Which fraud trends need the most attention from U.S. banking institutions in 2013? Distributed-denial-of-service attacks and account takeover, says FS-ISAC's Bill Nelson, who offers fraud-fighting tips.
To mitigate the top threats for 2013, organizations need to understand the motivations of potential attackers so they can adequately defend their networks and systems. Experts describe risk management strategies for the year ahead.
Eurograbber got banks' attention after compromising out-of-band authentication in Europe. But researchers say it's the knowledge of the hackers behind the attack, not the Trojan, that's most concerning.
The individual implementing security - the chief information officer - can't be the same as the person responsible for testing security, conducting audit and reporting on security weaknesses, South Carolina Inspector General Patrick Maley says.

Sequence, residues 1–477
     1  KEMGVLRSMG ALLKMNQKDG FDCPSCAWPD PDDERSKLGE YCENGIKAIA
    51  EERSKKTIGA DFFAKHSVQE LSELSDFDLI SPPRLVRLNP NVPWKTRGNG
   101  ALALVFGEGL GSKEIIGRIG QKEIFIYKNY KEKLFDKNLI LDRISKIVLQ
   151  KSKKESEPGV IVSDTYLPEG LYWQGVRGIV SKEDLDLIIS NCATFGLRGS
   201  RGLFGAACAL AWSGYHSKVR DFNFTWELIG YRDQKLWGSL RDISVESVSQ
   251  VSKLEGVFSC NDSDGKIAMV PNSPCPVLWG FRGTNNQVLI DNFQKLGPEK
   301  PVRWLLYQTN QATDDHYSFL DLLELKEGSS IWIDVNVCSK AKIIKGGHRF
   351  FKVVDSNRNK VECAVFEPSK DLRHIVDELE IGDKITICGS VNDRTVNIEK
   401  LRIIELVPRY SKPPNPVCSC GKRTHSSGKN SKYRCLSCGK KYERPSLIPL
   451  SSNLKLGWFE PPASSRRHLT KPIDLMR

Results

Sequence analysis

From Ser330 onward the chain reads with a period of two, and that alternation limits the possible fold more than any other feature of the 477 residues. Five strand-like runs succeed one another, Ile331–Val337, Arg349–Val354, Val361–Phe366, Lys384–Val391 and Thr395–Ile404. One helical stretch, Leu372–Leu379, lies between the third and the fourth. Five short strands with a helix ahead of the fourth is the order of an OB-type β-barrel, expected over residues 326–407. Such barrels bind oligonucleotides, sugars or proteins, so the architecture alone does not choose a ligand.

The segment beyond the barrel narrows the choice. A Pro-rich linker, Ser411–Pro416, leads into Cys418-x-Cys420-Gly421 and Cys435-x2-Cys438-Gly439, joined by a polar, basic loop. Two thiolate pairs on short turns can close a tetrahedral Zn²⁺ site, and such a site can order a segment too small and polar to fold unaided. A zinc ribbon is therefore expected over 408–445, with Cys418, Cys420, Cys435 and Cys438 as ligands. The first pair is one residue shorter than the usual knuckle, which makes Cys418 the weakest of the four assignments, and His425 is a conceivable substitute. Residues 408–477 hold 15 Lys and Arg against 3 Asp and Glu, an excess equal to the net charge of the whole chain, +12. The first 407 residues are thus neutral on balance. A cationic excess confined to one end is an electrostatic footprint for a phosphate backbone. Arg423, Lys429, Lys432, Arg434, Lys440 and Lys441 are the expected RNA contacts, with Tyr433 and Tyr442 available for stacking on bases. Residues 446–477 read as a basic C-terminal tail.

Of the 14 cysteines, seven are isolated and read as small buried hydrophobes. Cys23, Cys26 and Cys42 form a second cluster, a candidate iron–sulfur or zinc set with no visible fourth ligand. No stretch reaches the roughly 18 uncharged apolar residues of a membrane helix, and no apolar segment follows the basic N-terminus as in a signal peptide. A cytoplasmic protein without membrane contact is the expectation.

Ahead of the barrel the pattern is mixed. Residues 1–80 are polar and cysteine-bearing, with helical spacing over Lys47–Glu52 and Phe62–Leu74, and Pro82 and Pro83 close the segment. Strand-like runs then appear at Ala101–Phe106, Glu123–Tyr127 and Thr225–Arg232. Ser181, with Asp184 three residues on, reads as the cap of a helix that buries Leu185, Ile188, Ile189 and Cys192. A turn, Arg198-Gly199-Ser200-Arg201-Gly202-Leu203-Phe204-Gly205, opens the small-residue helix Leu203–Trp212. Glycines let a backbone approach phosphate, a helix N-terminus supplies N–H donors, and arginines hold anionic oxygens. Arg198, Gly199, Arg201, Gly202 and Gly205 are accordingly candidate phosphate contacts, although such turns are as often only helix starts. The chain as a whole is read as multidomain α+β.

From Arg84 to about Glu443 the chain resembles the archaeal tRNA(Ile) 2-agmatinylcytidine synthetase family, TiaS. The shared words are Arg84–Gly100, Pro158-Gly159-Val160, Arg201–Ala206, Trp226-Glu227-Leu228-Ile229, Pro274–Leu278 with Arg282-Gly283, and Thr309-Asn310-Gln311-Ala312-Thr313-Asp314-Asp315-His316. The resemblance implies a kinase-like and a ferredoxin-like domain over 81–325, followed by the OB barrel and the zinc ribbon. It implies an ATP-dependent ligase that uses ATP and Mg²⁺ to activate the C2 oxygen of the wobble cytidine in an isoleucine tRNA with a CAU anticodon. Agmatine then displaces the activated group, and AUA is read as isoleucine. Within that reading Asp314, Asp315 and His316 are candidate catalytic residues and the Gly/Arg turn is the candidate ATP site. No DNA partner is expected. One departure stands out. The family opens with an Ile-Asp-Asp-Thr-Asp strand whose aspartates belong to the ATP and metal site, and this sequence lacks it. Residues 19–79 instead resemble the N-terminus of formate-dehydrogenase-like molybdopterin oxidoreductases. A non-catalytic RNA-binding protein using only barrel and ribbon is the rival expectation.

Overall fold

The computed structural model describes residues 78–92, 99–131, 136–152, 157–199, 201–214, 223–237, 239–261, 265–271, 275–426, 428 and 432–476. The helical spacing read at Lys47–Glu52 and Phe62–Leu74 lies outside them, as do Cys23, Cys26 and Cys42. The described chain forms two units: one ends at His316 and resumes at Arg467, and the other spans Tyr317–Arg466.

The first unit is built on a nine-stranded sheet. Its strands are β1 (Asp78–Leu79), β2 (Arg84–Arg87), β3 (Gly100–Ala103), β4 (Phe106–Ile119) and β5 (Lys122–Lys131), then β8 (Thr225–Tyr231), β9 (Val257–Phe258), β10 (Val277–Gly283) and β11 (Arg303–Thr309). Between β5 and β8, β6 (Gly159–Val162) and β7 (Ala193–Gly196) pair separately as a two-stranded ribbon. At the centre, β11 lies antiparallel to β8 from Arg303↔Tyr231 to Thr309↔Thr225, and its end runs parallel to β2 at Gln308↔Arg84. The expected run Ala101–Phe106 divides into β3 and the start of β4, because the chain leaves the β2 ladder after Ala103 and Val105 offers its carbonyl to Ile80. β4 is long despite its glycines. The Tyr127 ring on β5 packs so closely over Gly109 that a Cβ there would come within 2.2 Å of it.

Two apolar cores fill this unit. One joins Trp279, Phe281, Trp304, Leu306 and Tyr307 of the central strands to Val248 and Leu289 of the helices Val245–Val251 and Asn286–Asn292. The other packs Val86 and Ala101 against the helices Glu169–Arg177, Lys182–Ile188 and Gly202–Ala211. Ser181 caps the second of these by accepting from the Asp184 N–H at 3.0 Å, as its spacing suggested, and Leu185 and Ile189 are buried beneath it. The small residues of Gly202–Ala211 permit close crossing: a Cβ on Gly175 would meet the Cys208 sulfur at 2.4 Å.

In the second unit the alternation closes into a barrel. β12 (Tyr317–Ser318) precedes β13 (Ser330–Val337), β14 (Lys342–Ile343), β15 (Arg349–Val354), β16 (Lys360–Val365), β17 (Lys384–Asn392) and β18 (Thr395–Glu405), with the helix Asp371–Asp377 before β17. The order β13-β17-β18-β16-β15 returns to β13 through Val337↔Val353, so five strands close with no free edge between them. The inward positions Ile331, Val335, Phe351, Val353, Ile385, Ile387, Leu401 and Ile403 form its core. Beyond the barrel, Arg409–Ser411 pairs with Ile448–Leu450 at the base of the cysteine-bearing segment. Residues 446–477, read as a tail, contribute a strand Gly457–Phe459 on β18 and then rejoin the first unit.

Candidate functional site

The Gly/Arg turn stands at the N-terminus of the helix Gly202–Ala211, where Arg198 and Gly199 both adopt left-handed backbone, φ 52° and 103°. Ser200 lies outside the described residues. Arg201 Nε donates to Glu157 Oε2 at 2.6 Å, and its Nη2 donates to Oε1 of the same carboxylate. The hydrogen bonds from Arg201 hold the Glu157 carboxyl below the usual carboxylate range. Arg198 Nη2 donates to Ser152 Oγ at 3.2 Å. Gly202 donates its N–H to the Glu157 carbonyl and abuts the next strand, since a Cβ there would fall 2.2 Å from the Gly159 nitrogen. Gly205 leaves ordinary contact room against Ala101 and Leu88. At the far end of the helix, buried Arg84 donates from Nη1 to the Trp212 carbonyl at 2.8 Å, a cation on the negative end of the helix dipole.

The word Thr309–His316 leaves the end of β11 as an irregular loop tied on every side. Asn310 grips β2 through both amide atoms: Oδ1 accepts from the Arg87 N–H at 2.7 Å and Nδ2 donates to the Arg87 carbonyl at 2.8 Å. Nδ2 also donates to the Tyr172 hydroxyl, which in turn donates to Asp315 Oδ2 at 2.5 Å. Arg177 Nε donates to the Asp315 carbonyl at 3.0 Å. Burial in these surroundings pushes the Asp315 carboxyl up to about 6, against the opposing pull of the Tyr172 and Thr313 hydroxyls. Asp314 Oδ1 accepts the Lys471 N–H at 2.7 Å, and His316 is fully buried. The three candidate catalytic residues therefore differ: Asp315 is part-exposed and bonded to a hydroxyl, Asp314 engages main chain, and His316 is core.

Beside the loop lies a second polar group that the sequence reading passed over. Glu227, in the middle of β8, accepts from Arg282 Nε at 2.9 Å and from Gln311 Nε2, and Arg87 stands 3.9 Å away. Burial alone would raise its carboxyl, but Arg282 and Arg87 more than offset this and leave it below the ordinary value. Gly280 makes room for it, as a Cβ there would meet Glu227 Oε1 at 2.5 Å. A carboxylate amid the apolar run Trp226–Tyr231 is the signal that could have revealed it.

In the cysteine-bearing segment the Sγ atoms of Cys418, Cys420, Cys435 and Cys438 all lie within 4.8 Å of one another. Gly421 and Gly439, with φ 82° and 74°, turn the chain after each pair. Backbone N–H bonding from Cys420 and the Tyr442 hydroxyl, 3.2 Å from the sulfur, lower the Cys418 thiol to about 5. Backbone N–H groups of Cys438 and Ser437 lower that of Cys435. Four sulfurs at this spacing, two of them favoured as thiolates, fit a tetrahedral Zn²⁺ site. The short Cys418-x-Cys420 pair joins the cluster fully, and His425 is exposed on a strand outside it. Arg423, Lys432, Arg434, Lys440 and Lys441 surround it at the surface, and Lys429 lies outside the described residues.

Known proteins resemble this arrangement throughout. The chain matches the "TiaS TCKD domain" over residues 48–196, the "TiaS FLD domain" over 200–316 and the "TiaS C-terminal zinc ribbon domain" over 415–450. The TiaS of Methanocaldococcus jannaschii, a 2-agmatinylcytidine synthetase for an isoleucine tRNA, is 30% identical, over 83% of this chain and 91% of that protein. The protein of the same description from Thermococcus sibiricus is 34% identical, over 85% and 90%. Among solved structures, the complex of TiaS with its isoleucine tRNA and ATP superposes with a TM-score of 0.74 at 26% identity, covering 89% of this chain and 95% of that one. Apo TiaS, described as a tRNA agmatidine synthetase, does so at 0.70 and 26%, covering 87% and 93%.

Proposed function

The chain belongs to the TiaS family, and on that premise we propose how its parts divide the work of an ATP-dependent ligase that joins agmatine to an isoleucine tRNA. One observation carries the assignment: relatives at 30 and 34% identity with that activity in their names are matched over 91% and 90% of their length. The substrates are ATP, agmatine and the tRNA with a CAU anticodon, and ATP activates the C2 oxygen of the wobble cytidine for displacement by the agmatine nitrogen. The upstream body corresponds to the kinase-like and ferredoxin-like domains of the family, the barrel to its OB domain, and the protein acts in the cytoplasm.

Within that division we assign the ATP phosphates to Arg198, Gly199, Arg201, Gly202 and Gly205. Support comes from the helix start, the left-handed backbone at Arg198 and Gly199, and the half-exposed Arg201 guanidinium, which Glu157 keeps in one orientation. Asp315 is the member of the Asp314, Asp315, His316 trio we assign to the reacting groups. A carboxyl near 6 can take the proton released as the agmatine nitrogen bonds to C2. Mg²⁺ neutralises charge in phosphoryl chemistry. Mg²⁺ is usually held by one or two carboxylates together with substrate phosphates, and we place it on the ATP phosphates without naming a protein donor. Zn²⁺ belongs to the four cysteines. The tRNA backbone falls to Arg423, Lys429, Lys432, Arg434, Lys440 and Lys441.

Curbing pay-at-the-pump card skimming attacks is daunting, and incident tracking is to blame. But a new initiative spearheaded by the oil industry and card issuers raises the bar for information sharing.
Gov. Nikki Haley realizes the potential political consequences of a breach, which explains why she held three press conferences on three consecutive days to address her administration's response to a computer breach of the state's tax IT system.
A wave of distributed denial of service attacks on banks raises the question: Should the owners of the nation's critical information infrastructure, when assessing risk, be held to a higher standard because society relies on them to function?
Banking institutions can expect more cyberattacks, including threats from nation-states, as the U.S. elections draw near. So they must take adequate security steps - and clearly explain them to their customers.
The continuing loss of data to China suggests that the federal government should carefully assess the cybersecurity implications associated with the expansion of Chinese cloud and mobile providers in the U.S.